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BBQ rib rubs and sauces vary across the country from state to state depending on where you are eating, your smoked meat could be sweet, tangy, spicy, or even fruity. A dry rubbed mixture of several ingredients including sugar, salt, and spices are traditionally applied to ribs prior to cooking. Then the sauce is slathered on the meat after it is fully cooked.
Here is how rubs and sauces for BBQ ribs differ from region to region.
Known as the world's barbecue capital, KC is where BBQ ribs were born. The high sugar content in the typical rib dry rubs and sauces requires slow cooking over low heat to avoid burning the meat to a char.
Dry rub: thick, sweet, brown sugar-based
Sauce: thick, very sweet, tomato-based
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Dry rub: smoky, spicy
Sauce: tomato-based, thinned with vinegar, sometimes made with horseradish
Memphis-style ribs are made without sauce or with sauce that is served on the side for dipping, making for a relatively tidy eating experience.
Dry rub: made with salt, black and cayenne pepper, garlic and onion powder, paprika, oregano, and celery seed
Sauce: thin, sweet-tangy, tomato-and-vinegar-based
Though you're far likelier to find pulled pork at a NC cookout, the ribs also feature their unique vinegar-based sauces. Depending on which part of the state you're in, you could be getting a minimalist vinegar and pepper sauce (East) or a similar sauce with a bit of ketchup or tomato added (West).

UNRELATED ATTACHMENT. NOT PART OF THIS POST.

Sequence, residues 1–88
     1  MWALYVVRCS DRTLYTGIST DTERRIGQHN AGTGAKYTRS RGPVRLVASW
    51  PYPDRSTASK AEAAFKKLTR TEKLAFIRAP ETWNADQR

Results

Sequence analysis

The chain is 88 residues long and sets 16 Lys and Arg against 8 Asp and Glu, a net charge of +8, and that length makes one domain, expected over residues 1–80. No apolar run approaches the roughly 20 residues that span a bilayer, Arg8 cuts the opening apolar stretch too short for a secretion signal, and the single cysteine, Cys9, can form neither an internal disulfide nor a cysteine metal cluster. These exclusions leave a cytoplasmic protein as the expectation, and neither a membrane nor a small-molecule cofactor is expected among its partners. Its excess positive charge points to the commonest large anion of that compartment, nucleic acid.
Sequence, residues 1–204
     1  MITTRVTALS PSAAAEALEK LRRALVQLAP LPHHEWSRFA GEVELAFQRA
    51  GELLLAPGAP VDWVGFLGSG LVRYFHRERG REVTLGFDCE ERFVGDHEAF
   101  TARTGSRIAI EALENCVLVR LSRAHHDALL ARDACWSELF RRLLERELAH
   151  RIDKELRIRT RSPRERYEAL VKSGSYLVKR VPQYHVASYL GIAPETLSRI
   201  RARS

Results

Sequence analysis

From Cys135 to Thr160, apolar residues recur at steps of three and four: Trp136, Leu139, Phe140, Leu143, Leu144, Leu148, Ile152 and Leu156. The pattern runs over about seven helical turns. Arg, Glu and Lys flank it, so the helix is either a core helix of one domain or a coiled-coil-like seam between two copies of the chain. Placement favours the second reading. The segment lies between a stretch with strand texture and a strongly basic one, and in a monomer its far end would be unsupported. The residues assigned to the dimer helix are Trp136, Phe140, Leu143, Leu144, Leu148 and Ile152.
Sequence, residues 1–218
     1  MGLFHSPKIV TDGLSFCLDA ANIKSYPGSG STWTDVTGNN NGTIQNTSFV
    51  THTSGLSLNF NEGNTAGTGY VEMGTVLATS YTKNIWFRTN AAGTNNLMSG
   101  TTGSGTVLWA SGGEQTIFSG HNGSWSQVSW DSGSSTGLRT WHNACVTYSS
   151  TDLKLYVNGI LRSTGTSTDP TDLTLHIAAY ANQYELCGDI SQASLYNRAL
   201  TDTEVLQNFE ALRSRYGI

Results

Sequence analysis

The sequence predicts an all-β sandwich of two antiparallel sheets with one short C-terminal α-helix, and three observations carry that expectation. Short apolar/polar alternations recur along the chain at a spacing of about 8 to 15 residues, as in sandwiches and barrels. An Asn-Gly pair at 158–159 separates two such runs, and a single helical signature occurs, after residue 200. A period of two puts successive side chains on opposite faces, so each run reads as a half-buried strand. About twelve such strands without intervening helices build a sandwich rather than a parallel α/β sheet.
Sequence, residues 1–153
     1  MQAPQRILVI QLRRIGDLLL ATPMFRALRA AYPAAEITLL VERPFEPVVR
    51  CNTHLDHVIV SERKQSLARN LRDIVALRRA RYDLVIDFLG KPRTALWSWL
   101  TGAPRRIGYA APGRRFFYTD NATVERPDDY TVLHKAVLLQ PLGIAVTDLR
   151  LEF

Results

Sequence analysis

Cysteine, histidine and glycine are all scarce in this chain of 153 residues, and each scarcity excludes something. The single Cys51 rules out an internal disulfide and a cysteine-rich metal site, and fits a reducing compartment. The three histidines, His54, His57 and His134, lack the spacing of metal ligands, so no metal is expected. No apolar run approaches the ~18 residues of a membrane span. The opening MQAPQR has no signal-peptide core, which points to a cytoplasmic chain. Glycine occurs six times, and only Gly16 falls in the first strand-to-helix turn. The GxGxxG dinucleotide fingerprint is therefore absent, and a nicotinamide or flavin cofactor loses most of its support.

Dry rub: spicy, sparingly applied
Sauce: thin, watery, tangy, vinegar-based
Lesser known for its barbecue than that of its northern neighbor, SC is actually home to four varieties of sauce: vinegar and pepper, light tomato, heavy tomato, and mustard. But it's the mustard-based sauce that is distinct to the state.
Dry rub: sweet, to counter the sauce's spiciness
Sauce: made with yellow mustard, vinegar, honey, sugar, and spices
Alabama owes its BBQ reputation to Bob Gibson of Big Bob Gibson B-B-Q in Decatur. He is credited with creating the white sauce ubiquitous in the northern part of the state.
Dry rub: slightly spicy
Sauce: tangy, mayonnaise-based
The primacy of Texan beef and brisket in particular makes for delicious dry rubs and bottles of sauce at BBQ joints, with beef and pork ribs do get bold seasoning.
Dry rub: spicy, usually with cayenne pepper chili powder
Sauce: thin, spicy and tangy with some sweetness, tomato-based, sometimes made with beer, coffee, or hot sauce
Best known for their luaus and pit-cooked pigs, Hawaiians have a unique take on BBQ ribs, adding indigenous coffee and pineapple to their dry rubs and sauces. Hawaiian-style ribs can also have traditional Asian flavors from added soy sauce, ginger, and five-spice powder.
Dry rub: basic, usually garlic, salt, and pepper, sometimes made with ground coffee
Sauce: sweet and spicy, pineapple- and chili sauce-based